How does a car’s differential work? You probably have a vague understanding. Some stuff spins, some stuff doesn’t, and somehow, the result allows your car to drive around a curve without shredding its tires or chewing up its own guts. There are gears and other gears, and it’s basically magic. That was the extent of my own understanding, until I found this vintage educational film from 1937. It’s still the best, simplest, most immediately understandable explanation of how a differential works I’ve ever found.
I love this old black-and-white film so much, I wrote about it awhile back for those guys. It’s worth presenting again to a new audience, because even if you’ve held the innards of a disassembled diff in your hands, you might still struggle to explain how that collection of ring, pinion, and spider gears gets power to the ground, and lets two wheels on the same axle spin at different speeds.
Our instructor in this lesson is Henry Jamison “Jam” Handy, a fascinating character who spent much of his career making educational films like this. Most of the time, they were cleverly-disguised advertisements — most of Handy’s automotive films were done at the behest of General Motors, while others were sponsored by Standard Oil. Regardless of the topic, a Jam Handy film starts with a simple question of “how does X work,” and answers it with clear, clever, immediately understandable visual aids. Typically, the last minute of the film is where it becomes an advertisement — for example, hyping the latest technological advancement you’ll find at your friendly neighborhood Chevrolet dealer. But everything leading up to that brief sales pitch is general-interest, brand-agnostic knowledge that’s absolutely fascinating for car enthusiasts or anyone with a curious mind.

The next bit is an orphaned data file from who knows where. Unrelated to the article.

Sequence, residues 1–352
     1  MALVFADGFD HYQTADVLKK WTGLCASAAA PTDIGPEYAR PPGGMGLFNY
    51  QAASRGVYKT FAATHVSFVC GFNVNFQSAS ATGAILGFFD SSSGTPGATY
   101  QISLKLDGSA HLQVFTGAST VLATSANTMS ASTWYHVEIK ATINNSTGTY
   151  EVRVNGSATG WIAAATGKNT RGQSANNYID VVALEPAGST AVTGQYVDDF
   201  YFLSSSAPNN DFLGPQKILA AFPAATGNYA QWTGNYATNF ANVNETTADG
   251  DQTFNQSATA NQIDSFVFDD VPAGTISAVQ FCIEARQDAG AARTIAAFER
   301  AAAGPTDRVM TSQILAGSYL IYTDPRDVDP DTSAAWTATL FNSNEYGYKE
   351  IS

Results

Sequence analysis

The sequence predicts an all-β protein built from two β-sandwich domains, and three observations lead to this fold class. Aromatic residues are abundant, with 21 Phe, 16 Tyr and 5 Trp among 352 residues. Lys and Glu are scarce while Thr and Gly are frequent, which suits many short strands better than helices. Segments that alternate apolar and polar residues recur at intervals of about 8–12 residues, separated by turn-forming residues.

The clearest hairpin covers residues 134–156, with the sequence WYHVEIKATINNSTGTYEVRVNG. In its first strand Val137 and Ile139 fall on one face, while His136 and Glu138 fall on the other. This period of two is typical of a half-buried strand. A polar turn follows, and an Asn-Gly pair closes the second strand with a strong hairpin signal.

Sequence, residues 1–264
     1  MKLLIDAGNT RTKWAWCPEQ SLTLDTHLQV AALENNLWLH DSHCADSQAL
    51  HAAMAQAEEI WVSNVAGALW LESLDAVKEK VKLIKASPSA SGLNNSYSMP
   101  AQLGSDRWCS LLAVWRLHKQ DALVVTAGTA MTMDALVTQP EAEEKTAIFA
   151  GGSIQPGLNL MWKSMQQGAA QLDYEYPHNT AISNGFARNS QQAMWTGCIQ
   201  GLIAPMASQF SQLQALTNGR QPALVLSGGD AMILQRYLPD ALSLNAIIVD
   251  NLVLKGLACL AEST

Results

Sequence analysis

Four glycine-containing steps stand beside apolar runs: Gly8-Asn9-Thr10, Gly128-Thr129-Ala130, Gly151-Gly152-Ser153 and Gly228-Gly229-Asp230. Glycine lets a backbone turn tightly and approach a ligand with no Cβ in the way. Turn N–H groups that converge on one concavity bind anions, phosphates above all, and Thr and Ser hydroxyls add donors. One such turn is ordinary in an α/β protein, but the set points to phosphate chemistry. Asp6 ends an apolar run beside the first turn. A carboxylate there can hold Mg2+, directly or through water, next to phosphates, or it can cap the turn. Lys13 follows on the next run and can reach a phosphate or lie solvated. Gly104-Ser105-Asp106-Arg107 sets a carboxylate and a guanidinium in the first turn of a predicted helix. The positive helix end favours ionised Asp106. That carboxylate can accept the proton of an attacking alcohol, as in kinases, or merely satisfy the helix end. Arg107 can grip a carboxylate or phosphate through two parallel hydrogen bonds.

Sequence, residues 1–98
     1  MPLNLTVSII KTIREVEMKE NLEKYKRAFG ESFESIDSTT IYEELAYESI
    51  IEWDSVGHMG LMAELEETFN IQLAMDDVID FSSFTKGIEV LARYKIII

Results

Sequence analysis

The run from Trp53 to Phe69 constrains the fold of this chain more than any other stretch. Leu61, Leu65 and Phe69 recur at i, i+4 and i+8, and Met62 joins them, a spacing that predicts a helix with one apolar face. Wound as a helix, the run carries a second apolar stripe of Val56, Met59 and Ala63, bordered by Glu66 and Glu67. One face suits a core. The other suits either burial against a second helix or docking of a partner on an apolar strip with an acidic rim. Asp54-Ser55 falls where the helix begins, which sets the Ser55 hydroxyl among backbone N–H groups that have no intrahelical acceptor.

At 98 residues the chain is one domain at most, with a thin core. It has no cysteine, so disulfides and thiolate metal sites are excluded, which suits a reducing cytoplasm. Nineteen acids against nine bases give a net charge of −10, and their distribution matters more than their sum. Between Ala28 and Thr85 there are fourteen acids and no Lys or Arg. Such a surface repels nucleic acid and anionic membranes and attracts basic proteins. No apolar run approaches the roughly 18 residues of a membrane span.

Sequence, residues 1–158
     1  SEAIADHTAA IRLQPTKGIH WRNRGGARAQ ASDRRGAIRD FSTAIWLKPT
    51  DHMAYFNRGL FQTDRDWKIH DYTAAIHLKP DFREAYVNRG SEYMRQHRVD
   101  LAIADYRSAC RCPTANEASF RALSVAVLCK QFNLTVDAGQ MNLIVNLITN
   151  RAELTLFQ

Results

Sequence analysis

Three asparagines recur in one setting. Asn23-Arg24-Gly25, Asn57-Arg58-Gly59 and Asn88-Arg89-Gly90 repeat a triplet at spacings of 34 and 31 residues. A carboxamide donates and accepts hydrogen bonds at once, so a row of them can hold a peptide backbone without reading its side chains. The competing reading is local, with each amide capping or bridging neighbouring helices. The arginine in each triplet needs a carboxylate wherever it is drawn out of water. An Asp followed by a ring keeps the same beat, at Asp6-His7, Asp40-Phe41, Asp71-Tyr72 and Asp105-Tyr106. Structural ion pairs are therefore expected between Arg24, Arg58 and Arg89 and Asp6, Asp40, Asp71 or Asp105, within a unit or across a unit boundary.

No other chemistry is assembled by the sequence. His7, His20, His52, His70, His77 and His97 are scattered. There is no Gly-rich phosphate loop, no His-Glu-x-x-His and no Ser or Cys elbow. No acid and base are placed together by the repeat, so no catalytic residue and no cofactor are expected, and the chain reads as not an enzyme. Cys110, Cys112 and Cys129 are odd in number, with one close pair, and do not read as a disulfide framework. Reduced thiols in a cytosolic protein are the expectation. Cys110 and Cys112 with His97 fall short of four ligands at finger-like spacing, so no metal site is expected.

So! Back to the differentials. Naturally, this film from 1937 doesn’t delve into the voodoo of limited-slip differentials — we’re only talking about one-tire-fire open diffs here. But the visuals and the explanation are so simple, a kid could grasp it.
So take 10 minutes and learn the inner workings of something you always wondered about. Even if you already know the ins and outs of differentials, I promise this film will give you a new perspective on how it all works.